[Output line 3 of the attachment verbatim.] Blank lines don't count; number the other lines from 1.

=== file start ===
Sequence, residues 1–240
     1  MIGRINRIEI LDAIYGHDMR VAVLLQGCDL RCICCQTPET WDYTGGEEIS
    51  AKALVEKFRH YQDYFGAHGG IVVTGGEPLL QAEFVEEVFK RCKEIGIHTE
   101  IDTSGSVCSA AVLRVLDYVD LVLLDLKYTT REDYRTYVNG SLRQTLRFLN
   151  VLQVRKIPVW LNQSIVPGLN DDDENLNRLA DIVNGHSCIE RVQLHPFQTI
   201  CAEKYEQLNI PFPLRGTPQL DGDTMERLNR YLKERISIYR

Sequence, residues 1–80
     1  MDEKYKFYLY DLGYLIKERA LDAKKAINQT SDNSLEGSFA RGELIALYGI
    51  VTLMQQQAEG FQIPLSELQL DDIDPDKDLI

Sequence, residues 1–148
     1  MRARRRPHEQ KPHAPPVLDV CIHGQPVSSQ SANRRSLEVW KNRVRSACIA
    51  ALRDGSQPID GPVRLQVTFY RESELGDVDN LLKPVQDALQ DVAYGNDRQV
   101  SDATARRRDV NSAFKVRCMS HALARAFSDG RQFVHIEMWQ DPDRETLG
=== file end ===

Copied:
    51  AKALVEKFRH YQDYFGAHGG IVVTGGEPLL QAEFVEEVFK RCKEIGIHTE